Eight hydroelectric power plants have been constructed along drops in the All-American Canal system. Drops 1 through 5, Pilot Knob, East Highline and Double Weir are located on the All-American Canal. Another power plant, Turnip, is located on the Central Main Canal branch; the power plants are all small and have a combined capacity of 58 MW. Electricity generation is dictated by water delivery needs. There is a 7.2 MW pumped storage plant at Senator Wash Dam. Water from the Senator Wash Reservoir is released. Runoff from the farmland irrigated by the All-American Canal make up most of the flows in the Alamo River and New River, both of which drain into the Salton Sea, now providing most of its water; the rest is from drainage systems. The Salton Sea had been periodically flooded by extreme Colorado River floods and dried up before being reflooded. If not for the All-American Canal, the Salton Sea would have dried up long ago; the system transports silt and salts from the Colorado River into the Salton Sea.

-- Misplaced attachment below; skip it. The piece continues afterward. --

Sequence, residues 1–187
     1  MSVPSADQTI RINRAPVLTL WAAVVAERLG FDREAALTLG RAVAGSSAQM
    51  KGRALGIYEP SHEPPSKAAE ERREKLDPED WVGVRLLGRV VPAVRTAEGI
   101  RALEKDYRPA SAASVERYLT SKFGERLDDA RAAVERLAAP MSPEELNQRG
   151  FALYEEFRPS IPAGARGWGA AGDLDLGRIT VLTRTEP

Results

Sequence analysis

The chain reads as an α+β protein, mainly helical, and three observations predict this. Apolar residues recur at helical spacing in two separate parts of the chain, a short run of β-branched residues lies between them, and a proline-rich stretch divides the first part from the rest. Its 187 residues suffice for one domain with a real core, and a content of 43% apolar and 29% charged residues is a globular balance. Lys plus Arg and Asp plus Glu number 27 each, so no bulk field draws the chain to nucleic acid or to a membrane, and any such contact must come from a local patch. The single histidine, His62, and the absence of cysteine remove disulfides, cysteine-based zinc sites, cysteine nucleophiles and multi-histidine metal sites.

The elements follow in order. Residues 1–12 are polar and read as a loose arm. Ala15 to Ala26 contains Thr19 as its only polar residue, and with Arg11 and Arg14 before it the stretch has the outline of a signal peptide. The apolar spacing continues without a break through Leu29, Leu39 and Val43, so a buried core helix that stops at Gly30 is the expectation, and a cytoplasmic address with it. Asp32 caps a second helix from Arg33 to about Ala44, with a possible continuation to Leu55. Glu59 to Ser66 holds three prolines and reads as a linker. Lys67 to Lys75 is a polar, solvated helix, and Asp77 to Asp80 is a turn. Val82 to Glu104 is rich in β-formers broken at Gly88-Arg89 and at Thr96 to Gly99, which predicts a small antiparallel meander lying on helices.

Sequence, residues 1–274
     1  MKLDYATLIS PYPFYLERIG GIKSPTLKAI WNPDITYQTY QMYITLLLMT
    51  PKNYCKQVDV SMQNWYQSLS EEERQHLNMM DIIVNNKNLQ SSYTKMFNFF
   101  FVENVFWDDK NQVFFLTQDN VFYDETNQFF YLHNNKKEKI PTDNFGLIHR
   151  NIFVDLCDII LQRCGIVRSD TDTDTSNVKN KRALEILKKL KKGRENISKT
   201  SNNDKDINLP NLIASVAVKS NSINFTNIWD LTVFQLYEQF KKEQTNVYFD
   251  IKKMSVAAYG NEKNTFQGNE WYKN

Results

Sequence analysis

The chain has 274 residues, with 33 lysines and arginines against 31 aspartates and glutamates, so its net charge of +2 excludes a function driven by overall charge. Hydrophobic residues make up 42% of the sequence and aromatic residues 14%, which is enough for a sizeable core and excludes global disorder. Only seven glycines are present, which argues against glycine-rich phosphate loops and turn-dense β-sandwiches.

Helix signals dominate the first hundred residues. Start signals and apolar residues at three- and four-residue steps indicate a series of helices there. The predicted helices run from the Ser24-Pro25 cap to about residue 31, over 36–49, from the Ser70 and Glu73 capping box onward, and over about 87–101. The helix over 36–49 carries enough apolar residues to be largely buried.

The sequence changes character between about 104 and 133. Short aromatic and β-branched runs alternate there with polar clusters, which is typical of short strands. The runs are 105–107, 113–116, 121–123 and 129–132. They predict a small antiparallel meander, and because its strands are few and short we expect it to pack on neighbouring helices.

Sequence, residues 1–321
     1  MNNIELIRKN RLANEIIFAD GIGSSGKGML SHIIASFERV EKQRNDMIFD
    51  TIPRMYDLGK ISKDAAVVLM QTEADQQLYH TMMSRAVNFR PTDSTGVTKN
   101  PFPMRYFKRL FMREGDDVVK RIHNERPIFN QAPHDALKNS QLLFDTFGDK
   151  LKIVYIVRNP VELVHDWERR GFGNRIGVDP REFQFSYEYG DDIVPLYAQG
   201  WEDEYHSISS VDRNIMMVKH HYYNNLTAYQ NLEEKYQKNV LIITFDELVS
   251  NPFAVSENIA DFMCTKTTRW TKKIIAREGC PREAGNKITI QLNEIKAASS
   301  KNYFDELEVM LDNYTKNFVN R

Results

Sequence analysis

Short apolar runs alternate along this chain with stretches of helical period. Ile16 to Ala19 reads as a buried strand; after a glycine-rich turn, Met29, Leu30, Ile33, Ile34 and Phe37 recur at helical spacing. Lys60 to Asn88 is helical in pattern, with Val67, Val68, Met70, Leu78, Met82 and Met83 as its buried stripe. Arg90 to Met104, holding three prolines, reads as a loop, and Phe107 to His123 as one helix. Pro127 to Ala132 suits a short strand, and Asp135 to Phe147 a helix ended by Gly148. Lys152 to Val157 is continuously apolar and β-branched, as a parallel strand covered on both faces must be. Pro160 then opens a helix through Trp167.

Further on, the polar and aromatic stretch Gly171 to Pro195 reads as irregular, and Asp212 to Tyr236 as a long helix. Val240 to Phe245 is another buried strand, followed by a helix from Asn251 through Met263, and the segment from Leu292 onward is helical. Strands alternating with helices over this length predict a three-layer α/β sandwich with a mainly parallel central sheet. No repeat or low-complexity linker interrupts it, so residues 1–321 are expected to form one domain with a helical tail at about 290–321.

Because there is no outlet to the ocean, these salts and minerals are concentrated by evaporation. 68,000 acre feet was lost annually by seepage from the All-American Canal from the point where the canal crosses the great Algodones Dune Field. About 90% of this seepage entered Mexico. At first this seepage caused widespread flooding, but Mexicali Valley residents and businesses built drainage and pumping systems to recover the seepage. Mexicali Valley agriculture became reliant upon this seepage for irrigation; as water use increased in both rural and urban areas, this seepage became an issue of concern. The All-American Canal Lining Project, a part of California's Colorado River Water Use Plan, lined 37 kilometers of the canal to prevent seepage. In 2006, a Mexicali business and civic organization and two California environmental non-profits challenged the lining project in US federal court on the basis that it violated the water rights of Mexican water users and violated US environmental statutes due to the seepage's effects on the nearby Andrade Mesa Wetlands.